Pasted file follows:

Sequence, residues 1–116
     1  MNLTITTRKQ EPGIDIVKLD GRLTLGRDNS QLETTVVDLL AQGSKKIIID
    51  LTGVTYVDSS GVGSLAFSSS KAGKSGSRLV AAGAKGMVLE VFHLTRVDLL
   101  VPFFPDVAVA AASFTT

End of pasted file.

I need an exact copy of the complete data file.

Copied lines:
Sequence, residues 1–116
     1  MNLTITTRKQ EPGIDIVKLD GRLTLGRDNS QLETTVVDLL AQGSKKIIID
    51  LTGVTYVDSS GVGSLAFSSS KAGKSGSRLV AAGAKGMVLE VFHLTRVDLL
   101  VPFFPDVAVA AASFTT